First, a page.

Everything was going just as expected. Until it wasn’t . . .
We have hit the halfpoint for Georgia’s once-in-a-decade Special Session on Redistricting and everything is going as expected. The Senate map has passed the Senate (but not the House) and the House map has passed both chambers, awaiting signature by the Governor. Work on the Congressional map should start next week.
Approximately one million new residents have made Georgia their home over the last decade — almost all from minority populations. Yet these new residents have gotten lost in these maps. Georgia’s Senate map adds only one Democratic seat, consisting of approximately 191,000 people, and Georgia’s State House map adds five Democratic seats, consisting of about 300,000 people. Where have all the new people gone? This is what gerrymandering looks like in Georgia in 2021.
We may not have the votes to stop these maps, but your elected officials have engaged in the struggle! The fight we’ve started at the State Capitol will finish in the courts.
Look what the cat dragged in . . .
Tuesday morning I walked into my Senate Democratic Caucus meeting only to find out from my colleague Sen. Nikki Merritt of Gwinnett county, that the sole Republican in the Gwinnett Senate delegation filed two local bills.
Before I tell you what those bills are, let me explain to you that there is a rule in the Senate that local bills must be signed by four out of seven members of the local Senate delegation before they are filed. None of the other members of the delegation knew anything about these bills — none of us. There were no signatures. This was a unilateral act by the lone Republican member of the Gwinnett delegation — Georgia’s most diverse and fastest growing county.
The first bill, Senate Bill 5EX, changes the Gwinnett County school board elections to non-partisan, and redraws the district lines. Gwinnett county is majority non-white county, and the new map includes zero majority-minority districts.
The second bill, SB 6EX, doubles the size of the Gwinnett County Commission and sets new district lines.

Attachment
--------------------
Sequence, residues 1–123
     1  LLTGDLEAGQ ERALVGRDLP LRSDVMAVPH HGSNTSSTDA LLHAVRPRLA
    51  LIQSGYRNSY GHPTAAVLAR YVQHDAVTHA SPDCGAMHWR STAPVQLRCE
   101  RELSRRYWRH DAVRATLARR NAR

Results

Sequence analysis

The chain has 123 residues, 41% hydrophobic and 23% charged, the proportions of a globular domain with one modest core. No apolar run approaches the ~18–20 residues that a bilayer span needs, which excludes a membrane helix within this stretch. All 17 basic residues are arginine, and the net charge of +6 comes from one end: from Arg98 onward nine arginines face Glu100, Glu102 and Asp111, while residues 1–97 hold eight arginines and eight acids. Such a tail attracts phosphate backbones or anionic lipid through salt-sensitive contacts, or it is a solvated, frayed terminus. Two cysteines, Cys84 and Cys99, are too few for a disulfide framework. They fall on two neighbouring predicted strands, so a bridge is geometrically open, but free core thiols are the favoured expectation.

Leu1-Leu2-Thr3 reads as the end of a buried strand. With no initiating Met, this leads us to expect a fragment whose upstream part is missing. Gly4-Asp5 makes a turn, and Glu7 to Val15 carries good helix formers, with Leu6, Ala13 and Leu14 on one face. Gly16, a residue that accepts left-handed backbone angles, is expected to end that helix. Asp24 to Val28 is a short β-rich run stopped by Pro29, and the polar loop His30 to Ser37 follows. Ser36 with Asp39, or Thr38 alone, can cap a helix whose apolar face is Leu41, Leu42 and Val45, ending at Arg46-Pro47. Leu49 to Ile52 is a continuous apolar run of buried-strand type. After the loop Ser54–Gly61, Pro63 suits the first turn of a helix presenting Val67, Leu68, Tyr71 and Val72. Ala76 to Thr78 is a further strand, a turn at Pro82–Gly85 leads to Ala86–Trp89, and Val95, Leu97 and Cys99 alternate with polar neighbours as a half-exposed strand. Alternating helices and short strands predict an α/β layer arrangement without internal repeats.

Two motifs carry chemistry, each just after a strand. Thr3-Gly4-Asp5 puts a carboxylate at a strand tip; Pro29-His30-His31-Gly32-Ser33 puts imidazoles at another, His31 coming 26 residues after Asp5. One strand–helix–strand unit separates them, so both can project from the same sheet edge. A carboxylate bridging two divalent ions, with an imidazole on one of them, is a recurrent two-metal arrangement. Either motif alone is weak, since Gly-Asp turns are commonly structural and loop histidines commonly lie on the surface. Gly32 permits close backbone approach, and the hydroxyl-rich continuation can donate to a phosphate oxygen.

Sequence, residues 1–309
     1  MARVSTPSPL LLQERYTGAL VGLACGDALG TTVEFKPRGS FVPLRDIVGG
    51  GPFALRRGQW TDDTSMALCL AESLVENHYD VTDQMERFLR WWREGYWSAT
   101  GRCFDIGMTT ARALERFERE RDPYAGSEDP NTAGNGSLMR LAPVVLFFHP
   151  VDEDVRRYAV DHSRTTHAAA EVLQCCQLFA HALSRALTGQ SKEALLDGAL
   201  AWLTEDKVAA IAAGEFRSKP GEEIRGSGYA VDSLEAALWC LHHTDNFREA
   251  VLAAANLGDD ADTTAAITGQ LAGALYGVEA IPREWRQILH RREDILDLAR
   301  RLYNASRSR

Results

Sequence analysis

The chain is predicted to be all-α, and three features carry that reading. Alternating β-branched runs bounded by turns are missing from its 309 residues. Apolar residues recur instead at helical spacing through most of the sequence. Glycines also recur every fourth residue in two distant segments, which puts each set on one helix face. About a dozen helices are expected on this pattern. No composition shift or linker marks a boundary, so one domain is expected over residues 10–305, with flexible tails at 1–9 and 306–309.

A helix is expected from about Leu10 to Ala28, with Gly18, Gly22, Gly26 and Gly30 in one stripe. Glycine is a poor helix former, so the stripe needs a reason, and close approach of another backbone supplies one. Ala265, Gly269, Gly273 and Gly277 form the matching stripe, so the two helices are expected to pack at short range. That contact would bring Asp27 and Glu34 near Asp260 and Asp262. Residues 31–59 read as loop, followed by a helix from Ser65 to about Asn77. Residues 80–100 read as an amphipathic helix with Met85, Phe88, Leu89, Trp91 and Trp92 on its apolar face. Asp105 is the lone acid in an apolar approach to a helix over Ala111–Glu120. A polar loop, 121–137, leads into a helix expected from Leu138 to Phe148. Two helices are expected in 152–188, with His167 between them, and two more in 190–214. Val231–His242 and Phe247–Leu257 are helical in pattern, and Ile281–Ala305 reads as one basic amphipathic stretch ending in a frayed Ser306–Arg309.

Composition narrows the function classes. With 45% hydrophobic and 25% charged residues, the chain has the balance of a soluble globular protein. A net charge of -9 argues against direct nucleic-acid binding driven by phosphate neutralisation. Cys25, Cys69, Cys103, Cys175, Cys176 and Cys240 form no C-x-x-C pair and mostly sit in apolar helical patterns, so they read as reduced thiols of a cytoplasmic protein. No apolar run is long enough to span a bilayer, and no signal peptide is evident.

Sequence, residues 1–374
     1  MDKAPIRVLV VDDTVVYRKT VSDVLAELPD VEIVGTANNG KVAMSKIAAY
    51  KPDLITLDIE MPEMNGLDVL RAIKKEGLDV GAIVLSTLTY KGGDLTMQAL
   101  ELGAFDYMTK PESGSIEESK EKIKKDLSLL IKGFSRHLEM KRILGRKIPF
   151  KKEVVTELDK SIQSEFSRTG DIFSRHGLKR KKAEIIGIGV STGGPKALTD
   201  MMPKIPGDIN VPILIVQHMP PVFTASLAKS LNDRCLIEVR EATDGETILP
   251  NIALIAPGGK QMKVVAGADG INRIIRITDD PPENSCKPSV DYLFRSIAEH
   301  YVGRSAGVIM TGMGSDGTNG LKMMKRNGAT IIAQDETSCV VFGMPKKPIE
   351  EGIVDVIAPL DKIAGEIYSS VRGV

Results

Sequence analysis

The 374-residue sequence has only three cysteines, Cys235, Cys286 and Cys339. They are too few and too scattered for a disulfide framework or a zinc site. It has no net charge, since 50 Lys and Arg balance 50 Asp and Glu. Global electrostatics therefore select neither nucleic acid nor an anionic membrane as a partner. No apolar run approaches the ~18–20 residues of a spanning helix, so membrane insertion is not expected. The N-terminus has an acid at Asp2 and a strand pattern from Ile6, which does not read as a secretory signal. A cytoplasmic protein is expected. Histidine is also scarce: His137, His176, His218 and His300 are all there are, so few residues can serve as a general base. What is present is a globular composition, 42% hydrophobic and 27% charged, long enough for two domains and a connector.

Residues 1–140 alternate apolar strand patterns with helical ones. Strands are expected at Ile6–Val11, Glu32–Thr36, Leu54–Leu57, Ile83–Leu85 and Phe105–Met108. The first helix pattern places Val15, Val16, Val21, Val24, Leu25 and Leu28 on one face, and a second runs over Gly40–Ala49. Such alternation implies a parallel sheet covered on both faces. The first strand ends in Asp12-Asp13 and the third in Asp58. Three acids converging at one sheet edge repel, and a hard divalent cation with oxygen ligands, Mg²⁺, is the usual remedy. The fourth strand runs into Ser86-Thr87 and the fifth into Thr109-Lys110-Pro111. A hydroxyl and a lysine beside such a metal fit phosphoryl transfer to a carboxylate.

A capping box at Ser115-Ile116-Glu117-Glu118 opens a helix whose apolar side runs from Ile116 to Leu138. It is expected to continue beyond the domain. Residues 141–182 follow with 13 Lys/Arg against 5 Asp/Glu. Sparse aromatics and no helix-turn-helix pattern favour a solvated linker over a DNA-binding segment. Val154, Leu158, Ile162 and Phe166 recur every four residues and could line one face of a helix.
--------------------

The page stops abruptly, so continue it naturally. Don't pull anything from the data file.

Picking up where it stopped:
As a bit of background, during the last couple of election cycles, these two governing bodies — the Gwinnett School Board and the Gwinnett County Commission, have flipped from all white to majority representation by people-of-color.
I was sad but not terribly shocked that the Senate Rules were being bypassed to ram these bills through because the Republican majority has done this in the past, but I was shocked that this bill was moving forward during Special Session because according to the Governor’s set agenda, local bills are only allowed during Special Session if they (in the words of the Governor’s convening proclamation) “avoid unreasonable hardship or to avoid undue impairment of public functions if consideration and enactment thereof are postponed.” County-level redistricting is set to be done during the regular session in January, and there is no legitimate reason for an exception in Gwinnett.
I was so floored by this blatant disregard for the legislative process that I decided to formally address my colleagues in the Senate Chamber Tuesday by taking a Point of Personal Privilege on the matter. This is the first time I have ever gone to the well without prepared and well thought out remarks, because anything you say from the well could end up in news outlets — which it did, and it was well worth it. Honestly, I didn’t get every technical detail perfect in my speech, but it still got the point across and brought needed attention to the matter.